Informed and educated: Health insurance navigators making coverage more accessible in Florida


Nicole Pasia


An increasing number of Floridians are seeking health insurance as a result of the pandemic. A report from the Centers for Medicare and Medicaid Services (CMS) shows over 487,000 people in Florida gained health coverage by the end 2021 Special Enrollment Period (SEP) last week. 

However, some individuals are paying high deductibles or copayments for services that other plans may cover for less — making them underinsured, according to Jodi Ray, the program director of Florida Covering Kids & Families, an insurance navigator coalition. 


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Ray said the benefits of the SEP — which was an advanced premium tax credit (APTC) — translated into plans that cost as little as $10 for new enrollees, reduced premiums by half, and completely eliminated co-pays in some cases. Ray said: 

“These are the kinds of things that make health coverage affordable, so that people can access health care … I think there’s still that level of confusion out there. ‘What is covered in terms of vaccines?,’ especially with COVID vaccines and treatment. [We’re] really getting the word out that, particularly if you’re insured, that treatment is covered. You won’t get hit with some massive bill, and they can get the vaccine.”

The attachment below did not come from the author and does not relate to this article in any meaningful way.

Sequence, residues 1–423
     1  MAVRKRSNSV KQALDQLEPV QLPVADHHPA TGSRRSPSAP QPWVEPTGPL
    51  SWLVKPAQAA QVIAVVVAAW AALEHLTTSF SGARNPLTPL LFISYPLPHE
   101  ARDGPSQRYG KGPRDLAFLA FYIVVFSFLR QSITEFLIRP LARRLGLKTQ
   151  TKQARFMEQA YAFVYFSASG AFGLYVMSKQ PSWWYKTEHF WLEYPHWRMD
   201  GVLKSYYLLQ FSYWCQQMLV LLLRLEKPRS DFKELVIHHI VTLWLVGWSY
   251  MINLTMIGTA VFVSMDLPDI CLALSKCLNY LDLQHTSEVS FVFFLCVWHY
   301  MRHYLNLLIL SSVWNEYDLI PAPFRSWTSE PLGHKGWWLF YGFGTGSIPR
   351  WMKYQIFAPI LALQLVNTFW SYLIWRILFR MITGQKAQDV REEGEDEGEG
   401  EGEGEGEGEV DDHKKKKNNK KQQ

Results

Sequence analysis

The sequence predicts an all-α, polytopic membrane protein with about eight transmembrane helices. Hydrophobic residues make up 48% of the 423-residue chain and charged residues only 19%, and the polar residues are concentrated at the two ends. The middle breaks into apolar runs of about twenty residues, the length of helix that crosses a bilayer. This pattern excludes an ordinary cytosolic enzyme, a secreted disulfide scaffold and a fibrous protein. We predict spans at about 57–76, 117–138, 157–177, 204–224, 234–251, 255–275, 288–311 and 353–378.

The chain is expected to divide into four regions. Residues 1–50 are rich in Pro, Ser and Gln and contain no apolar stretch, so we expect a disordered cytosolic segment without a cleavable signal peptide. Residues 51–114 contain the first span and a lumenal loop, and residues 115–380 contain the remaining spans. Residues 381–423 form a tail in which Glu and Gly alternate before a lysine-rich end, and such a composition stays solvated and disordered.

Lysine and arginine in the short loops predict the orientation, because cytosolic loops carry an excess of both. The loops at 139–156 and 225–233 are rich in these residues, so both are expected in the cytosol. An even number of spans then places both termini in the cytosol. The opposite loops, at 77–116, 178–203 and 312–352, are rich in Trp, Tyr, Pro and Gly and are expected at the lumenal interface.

Taking advantage of these benefits is particularly beneficial to young adults, who might not be familiar with navigating the health care and coverage landscape. Zuriel Galey-Ocasio, a young adult who now works as a navigator with Ray, advocated for providing these resources: 

“I’ve seen firsthand the lack of knowledge that I had before I entered this field of work, and how many people I know that don’t have this knowledge now. I also see the desire for it, because believe it or not … a lot more people in the young, invincible demographic want to learn more about [coverage].”

Young adults aren’t the only demographic that needs help finding coverage. Ray said she once had a client in his 50s who hadn’t seen a doctor in 10 years. Ray encouraged people to not only use insurance for emergency services, but primary and preventative care as well. 

That’s where health insurance navigators step in. Their job, according to Ray, is to find the best plans for consumers that will cover the types of services they desire, for the amount they are willing to pay:

“In [Hillsborough] county alone, there’s 105 plans. Especially if you’re doing virtual or phone appointments, that’s a lot to work through [as a navigator] and there’s no reason to go through all 105 plans when you are able to work with the person and just get some idea of what they can handle what works for them, what they feel like they need in terms of coverage.”

Open enrollment begins later this year on November 1, but Ray and Galey-Ocasio say helping people navigate the state’s coverage landscape happens year-round. Galey-Ocasio laid out the plans for an after-school program that will help students become more health-literate. This includes education on scheduling doctor’s appointments, finding and contacting therapists, and more. Galey-Ocasio outlined the program’s vision: 

“It’s very jarring for a lot of young adults out there, because one moment, they’re being taken care of by their parents. The next moment they’re on their own, and they have no idea what to do or where to go … 

I hope we can change this, or at least give a few young adults the tools to be able to take their health into their own hands.  And maybe even, to further that point, educate them to the point where they can in fact give the tools to other people as well.”